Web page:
Other findings 

The survey also found: 

  • Respondents were technologically savvy with most owning desktop computers, mobile phones and MP3 players 
  • Property ownership was also quite high 
  • Card ownership was quite high, with ChinaUnion Pay cards being the predominant card owned 
Leisure travel 
  • Hong Kong was the most popular destination for leisure travel 
  • Air China was by far the most common airline for leisure travel 
  • Sightseeing, visiting friends and relatives and shopping were the main purpose of visits 
  • The average leisure visit lasted about five nights 
Business travel 
  • Hong Kong was once again the most popular international travel destination 
  • General business was the most frequently cited reason for travel and six nights was the average length of stay 
  • Business travelers tend to spend around $124 per night 
  • Beijing, Shanghai and Guangzhou were key destinations for domestic business trips and the average length of stay was between three and four nights 
About Synovate Passport 

Synovate Passport is a syndicated study of the Chinese outbound travel industry and the travel behavior of Mainland Chinese. The objective of the study is to assist players in the travel and tourism industry across the region to better plan and develop their business.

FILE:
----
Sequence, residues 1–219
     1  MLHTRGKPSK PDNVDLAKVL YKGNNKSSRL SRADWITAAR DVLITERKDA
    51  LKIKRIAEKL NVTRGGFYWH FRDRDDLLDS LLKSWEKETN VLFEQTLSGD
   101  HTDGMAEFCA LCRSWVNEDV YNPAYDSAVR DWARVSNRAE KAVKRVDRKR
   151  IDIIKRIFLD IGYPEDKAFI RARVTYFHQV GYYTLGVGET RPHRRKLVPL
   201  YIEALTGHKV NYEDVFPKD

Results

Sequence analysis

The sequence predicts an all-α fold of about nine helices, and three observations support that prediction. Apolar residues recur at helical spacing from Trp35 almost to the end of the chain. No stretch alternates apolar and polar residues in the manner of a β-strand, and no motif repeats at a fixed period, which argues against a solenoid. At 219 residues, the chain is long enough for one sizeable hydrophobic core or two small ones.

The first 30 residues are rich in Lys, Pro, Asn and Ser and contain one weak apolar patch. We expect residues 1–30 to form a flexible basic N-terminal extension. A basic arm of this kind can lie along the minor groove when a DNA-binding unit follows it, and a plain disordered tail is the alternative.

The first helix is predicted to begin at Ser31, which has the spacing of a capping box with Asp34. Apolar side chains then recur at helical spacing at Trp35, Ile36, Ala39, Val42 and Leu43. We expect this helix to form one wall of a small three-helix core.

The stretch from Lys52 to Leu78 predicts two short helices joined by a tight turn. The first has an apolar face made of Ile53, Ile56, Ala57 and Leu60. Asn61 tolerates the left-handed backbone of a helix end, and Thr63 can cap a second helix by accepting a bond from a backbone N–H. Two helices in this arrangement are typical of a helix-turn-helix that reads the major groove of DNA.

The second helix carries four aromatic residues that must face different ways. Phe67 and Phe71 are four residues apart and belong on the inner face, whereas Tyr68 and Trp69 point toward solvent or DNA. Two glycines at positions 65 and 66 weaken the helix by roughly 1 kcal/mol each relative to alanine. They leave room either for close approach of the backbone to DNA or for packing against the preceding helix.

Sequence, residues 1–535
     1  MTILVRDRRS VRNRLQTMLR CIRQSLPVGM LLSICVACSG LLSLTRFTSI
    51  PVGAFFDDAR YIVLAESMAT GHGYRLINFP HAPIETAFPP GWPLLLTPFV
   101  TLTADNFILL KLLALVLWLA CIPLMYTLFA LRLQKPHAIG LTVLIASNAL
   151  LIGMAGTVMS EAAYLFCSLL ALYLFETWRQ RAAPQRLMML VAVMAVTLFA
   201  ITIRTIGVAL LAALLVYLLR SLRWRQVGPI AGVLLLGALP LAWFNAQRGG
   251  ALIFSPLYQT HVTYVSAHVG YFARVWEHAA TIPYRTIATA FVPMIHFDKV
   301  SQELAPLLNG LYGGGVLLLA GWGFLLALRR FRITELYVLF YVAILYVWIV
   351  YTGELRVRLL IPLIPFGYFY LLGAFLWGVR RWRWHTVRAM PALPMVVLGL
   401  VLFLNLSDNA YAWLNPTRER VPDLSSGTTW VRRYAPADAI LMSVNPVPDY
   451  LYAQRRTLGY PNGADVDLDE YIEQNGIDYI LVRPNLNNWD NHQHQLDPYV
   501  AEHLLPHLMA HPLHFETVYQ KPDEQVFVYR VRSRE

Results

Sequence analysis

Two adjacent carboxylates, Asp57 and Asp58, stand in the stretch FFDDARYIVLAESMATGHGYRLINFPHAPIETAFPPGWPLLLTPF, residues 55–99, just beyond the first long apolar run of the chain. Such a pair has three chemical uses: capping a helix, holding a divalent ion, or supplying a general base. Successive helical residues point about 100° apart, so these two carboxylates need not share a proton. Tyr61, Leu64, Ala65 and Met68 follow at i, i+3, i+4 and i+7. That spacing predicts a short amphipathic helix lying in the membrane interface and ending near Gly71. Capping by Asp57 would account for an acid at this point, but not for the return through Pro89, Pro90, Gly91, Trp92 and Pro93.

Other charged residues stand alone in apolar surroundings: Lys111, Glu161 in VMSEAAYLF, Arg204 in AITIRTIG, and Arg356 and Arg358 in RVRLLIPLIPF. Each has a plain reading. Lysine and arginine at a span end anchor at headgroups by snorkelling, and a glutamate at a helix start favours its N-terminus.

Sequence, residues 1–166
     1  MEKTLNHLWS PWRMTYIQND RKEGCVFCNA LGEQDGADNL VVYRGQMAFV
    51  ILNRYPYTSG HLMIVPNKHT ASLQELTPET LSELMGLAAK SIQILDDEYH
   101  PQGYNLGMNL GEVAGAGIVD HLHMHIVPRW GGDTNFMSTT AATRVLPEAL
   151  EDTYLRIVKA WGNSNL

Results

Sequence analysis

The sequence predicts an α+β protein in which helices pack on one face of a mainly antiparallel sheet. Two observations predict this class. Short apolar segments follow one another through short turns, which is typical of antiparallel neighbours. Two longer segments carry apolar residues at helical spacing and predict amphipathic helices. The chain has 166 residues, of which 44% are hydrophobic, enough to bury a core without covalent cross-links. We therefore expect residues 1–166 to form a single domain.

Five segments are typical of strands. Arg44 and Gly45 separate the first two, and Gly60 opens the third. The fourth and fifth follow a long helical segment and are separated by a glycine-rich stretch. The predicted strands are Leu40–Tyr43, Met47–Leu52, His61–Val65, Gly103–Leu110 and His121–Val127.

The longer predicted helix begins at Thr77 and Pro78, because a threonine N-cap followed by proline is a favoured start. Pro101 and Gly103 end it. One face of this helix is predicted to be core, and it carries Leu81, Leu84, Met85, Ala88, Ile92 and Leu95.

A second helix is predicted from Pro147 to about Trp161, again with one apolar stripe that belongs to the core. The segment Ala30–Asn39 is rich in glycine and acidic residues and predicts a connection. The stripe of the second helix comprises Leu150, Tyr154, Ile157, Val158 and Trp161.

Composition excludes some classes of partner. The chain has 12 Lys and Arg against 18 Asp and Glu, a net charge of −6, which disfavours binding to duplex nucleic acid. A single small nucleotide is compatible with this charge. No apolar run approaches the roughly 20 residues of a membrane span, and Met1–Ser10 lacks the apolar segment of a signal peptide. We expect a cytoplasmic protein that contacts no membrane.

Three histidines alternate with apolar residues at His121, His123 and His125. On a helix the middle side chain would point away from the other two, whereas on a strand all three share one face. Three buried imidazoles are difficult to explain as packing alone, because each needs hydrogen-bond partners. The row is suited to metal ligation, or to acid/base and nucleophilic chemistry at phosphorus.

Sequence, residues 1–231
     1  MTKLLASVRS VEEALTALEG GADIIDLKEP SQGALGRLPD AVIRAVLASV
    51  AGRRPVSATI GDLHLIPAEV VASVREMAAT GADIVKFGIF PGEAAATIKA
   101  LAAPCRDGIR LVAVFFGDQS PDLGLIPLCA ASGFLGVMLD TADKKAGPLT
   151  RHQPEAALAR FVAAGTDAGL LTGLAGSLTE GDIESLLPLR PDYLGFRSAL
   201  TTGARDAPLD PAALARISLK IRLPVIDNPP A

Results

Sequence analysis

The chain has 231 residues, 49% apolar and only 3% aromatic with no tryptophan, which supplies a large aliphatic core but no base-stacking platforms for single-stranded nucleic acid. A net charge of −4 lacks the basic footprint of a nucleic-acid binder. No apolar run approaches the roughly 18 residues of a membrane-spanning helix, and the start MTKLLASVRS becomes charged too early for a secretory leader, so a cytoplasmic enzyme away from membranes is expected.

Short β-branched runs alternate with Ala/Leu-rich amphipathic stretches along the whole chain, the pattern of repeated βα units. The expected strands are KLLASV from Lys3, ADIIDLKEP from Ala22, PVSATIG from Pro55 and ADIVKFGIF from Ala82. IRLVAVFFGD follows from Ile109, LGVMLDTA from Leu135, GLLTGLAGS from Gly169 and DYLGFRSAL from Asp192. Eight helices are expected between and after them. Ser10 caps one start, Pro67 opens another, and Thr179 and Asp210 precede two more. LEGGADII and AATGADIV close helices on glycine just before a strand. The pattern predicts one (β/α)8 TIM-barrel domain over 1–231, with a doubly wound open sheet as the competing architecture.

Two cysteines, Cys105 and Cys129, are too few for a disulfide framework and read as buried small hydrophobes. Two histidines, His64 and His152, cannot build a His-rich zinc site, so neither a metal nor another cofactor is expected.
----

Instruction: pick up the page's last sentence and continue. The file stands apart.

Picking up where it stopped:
The quantitative part of the study covered Mainland travelers from Shanghai, Beijing and Guangzhou. Respondents were adults aged 25 to 64 years with a monthly household income of RMB6,500 and above for Shanghai and Beijing, and RMB7,500 and above for Guangzhou. This represents approximately 15% of the population of those cities. The research was conducted from January to March, 2005. 

About Synovate Travel and Leisure 

Synovate Travel and Leisure is comprised of airline, cruise, hotel and travel research experts with a reputation for providing approachable, personal client service. Synovate's Travel and Leisure team understands the unique marketing and research needs of the travel and tourism industry. 

About Synovate 

Synovate operates in 97 cities across 46 countries and provides clients with cohesive global support and a comprehensive suite of leading research solutions. The company is the market research arm of Aegis Group plc, the London-based global media and communications conglomerate. 


Ruder Finn
Adrienne McGarr, 312-329-3907

Sheri Lambert, 610-563-1059

Also See: Japan, a Net Exporter of Tourists, Working Hard to Attract Chinese Tourist / August 2005
Florida International University's Hospitality Program Partners with Tianjin, a City 70 miles from Beijing, to Open a Hotel-Management School / February 2005

To search Hotel Online data base of News and Trends Go to Hotel.Online Search

Home | Welcome! | Hospitality News | Classifieds | Catalogs & Pricing | Viewpoint Forum | Ideas/Trends
Please contact Hotel.Online with your comments and suggestions.